Plaintiff In Unrelated Case Wants Harvard Donor Records
March 8, 2017 Andy Segedin
A federal judge has given Harvard University until March 20 to turn over the financial information of a top donor and alum, Charles Spackman. It is unclear as of yet whether the university will comply.
Judge William G. Young of the United States District Court, District of Massachusetts, granted the request of petitioner Sang Cheol Woo. The order entitles Woo to take discovery from, serve subpoenas to, and be provided requested deposition testimony and documents by the president and fellows of the university.
A memorandum filed in support of the order asserts that Woo suffered large financial losses from an alleged self-dealing transaction that Spackman gained $100 million from early last decade. Woo received judgment in his favor against Spackman in South Korea’s Seoul High Court in 2011, a sum that, including interest, currently totals about $12 million, according to the memorandum. Woo is seeking to enforce the South Korean judgment in Hong Kong, where Spackman resides.
Woo’s counsel further contends in the memorandum that, due to Spackman’s history of donating to the university, Harvard is likely in possession of records containing wire transfer data, account and routing numbers and other information relevant to the financial institutions and accounts used by Spackman, as well as payments made on his behalf by a family trust that could also hold assets that would be subject to the judgment. Additionally, it states that information regarding the size of Spackman’s past donations could illustrate his ability to pay the judgment.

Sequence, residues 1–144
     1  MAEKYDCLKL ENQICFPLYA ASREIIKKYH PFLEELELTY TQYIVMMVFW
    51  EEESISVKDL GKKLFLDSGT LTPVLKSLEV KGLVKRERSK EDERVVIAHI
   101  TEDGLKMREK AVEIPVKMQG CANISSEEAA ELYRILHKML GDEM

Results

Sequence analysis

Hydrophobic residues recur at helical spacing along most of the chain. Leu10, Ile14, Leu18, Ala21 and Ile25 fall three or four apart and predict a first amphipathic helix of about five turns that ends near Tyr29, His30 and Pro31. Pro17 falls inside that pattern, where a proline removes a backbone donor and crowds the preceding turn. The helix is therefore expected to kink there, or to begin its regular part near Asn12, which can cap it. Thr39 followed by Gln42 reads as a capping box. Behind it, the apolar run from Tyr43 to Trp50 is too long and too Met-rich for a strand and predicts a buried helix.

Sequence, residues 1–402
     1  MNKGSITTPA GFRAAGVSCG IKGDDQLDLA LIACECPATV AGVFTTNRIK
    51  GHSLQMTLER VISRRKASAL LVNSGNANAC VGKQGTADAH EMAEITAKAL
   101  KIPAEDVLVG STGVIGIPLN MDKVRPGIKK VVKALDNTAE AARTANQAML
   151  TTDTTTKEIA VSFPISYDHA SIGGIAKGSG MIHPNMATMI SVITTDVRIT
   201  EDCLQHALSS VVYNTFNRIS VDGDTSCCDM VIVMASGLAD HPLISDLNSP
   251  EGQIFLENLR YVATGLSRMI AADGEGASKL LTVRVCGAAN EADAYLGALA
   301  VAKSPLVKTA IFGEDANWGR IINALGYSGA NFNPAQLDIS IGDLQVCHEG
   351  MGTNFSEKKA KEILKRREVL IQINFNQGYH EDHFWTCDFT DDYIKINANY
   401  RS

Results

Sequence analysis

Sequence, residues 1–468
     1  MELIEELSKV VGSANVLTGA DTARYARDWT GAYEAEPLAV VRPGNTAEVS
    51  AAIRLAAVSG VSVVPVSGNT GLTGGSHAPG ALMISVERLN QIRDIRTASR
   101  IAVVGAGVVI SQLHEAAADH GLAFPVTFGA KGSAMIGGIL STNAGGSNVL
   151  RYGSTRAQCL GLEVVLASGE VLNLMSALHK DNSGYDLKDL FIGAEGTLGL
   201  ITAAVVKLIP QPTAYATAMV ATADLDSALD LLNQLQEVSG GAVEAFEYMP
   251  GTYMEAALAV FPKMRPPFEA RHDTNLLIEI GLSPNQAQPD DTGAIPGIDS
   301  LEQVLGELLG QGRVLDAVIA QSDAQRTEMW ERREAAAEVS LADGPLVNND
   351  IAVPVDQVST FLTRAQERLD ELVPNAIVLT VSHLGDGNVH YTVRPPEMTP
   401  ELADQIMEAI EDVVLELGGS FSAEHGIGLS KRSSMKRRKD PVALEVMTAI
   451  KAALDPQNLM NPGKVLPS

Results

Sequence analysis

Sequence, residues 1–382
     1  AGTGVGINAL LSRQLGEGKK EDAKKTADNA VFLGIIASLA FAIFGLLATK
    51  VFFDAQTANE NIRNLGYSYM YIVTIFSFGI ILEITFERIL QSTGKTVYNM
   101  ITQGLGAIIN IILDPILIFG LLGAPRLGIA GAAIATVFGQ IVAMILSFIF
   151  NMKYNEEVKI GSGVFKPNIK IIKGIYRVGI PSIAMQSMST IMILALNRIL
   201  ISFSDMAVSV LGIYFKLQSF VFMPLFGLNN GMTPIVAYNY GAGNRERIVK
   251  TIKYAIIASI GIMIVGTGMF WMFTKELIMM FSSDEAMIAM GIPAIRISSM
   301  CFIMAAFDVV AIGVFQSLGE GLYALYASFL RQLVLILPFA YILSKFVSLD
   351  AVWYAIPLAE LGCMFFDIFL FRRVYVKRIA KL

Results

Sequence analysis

The request and order were made pursuant to 28 U.S.C. § 1782 which enables the federal district court in which an individual resides to order him to provide testimony, statements, or documentation for use in foreign or international legal proceedings.
A Harvard spokesperson declined comment when asked whether the university intends to comply with the order. Requests for comment from other related entities were also declined.